Global Asia Journal

Authors

Sanna Kopra

Comments

Occasional Paper No. 13

The author is a Ph.D. candidate at the University of Tampere, Finland

Document Type

Article

Abstract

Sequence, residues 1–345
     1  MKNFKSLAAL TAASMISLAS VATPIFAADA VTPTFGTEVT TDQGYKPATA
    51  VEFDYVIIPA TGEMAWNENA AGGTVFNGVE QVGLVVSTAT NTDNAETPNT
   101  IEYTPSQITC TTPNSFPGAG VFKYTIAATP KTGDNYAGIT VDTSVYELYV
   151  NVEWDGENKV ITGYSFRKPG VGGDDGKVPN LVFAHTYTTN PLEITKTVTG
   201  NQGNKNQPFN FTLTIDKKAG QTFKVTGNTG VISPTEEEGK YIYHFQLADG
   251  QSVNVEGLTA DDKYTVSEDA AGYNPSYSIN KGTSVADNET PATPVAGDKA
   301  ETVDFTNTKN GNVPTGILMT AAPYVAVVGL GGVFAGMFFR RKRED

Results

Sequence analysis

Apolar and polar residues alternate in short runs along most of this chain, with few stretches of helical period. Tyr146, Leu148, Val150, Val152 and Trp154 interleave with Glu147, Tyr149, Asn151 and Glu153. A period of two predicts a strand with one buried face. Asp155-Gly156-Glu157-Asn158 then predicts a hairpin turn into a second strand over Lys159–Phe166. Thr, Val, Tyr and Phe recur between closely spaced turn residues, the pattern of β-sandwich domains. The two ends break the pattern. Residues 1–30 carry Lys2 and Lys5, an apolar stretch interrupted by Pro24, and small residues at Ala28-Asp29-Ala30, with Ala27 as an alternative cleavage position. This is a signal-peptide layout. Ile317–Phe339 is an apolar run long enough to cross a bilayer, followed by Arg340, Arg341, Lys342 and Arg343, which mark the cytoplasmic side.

A state’s image is an important resource for wielding national power in global politics. Its prestige and reputation often influence the interactions with other states. As an emerging superpower, China is under pressure to shoulder more responsibility for tackling global climate change. The West has criticized China as a “climate criminal” that threatens global climate stability. In response, the Chinese government implemented a series of comprehensive programs to improve its image abroad. This paper examines China’s national image building in the realm of international climate politics. It draws on the official rhetoric and policy statements to discuss the innovative strategies that China employed to advance its broader diplomatic agendas. By referring to itself as a developing country, China proclaims that it has neither a historical responsibility nor the resources to mitigate climate change, and that it desperately needs the financial and technological support from the West. By employing the rhetoric of being a peace-loving and harmonious nation, China has begun to address the problems of global climate change, even though it refuses to submit to any binding emission reduction targets in the negotiations over a post-Kyoto international climate agreement.